- The strength of the U.S. recovery depends on how quickly the economy resumes functioning more or less normally. Preliminary data from China seem to indicate that starting up the economy after a few months is feasible, but achieving pre-virus levels could be a long process. One major risk is that coronavirus infections could surge again. For the full year 2020, the real growth in GDP in the United States will probably be negative. Most forecasts that I have reviewed show growth in 2021 and 2022 in the mid-single-digit range, but it is possible that they may be too optimistic.
- S&P 500 operating earnings in 2019 were around $165 per share. We believe estimates for 2020 will fall in the $110 and $125 range, reflecting a drop by 25% to 33%. More important than the actual level of earnings in 2020 is how many years it will take to regain 2019 levels. Three years seems a reasonable working hypothesis. Nobody fully understands how much structural damage will be done to the economy.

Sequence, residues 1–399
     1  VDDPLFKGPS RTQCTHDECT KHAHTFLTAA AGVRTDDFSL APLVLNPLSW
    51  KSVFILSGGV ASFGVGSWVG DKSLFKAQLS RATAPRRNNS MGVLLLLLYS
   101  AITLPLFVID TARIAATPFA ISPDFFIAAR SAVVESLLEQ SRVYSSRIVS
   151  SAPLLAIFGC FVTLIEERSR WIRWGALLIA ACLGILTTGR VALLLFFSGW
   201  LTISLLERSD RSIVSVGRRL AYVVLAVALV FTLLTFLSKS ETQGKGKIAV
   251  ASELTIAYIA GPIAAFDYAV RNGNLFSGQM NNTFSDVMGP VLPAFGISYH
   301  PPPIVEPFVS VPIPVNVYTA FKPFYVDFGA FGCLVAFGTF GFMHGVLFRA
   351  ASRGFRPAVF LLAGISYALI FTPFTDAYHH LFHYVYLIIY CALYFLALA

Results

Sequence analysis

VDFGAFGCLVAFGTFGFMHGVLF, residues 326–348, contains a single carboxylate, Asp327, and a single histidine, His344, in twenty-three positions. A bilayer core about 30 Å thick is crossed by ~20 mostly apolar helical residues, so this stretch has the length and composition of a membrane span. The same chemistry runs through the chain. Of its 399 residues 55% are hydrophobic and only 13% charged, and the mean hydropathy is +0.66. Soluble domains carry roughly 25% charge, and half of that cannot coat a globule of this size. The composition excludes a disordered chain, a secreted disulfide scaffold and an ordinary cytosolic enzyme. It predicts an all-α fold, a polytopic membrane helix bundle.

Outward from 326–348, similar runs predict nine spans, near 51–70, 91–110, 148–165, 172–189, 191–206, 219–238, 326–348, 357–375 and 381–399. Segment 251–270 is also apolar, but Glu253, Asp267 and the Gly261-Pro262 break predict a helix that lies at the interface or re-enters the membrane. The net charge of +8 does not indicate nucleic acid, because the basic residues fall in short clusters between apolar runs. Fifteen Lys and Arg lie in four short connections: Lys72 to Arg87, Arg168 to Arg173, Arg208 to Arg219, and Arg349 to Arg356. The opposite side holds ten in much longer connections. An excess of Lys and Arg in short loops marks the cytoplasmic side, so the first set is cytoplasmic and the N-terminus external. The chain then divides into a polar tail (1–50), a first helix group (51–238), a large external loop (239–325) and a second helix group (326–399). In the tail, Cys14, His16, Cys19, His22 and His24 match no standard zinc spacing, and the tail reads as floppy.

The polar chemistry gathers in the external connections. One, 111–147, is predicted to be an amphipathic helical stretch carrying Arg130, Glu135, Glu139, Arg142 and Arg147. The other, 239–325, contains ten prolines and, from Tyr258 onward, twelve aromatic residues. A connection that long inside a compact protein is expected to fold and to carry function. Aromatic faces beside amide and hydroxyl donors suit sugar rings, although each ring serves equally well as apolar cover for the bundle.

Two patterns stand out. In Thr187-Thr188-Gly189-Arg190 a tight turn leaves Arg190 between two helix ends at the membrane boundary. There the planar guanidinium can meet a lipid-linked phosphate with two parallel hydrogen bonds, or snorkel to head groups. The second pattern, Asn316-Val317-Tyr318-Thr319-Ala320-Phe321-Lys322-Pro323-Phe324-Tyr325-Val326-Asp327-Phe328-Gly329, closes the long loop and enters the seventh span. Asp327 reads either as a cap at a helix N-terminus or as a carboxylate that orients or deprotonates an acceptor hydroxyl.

- Investors ask how much further the market will fall. From the beginning of the year through April 3, 2020, the S&P 500 Index declined 23%. The recent low was on March 23, representing a year-to-date decline of 29%. It is impossible to know where the market will bottom out. Given that coronavirus infection and mortality rates in the United States are still increasing, and the economy and employment are falling rapidly, the mood of investors seems negative. Until the data make clear that infection and mortality curves are flattening, and there is anecdotal evidence indicating that fiscal and monetary policies are having a positive impact, a sustained recovery in the U.S stock market from current levels seems challenging.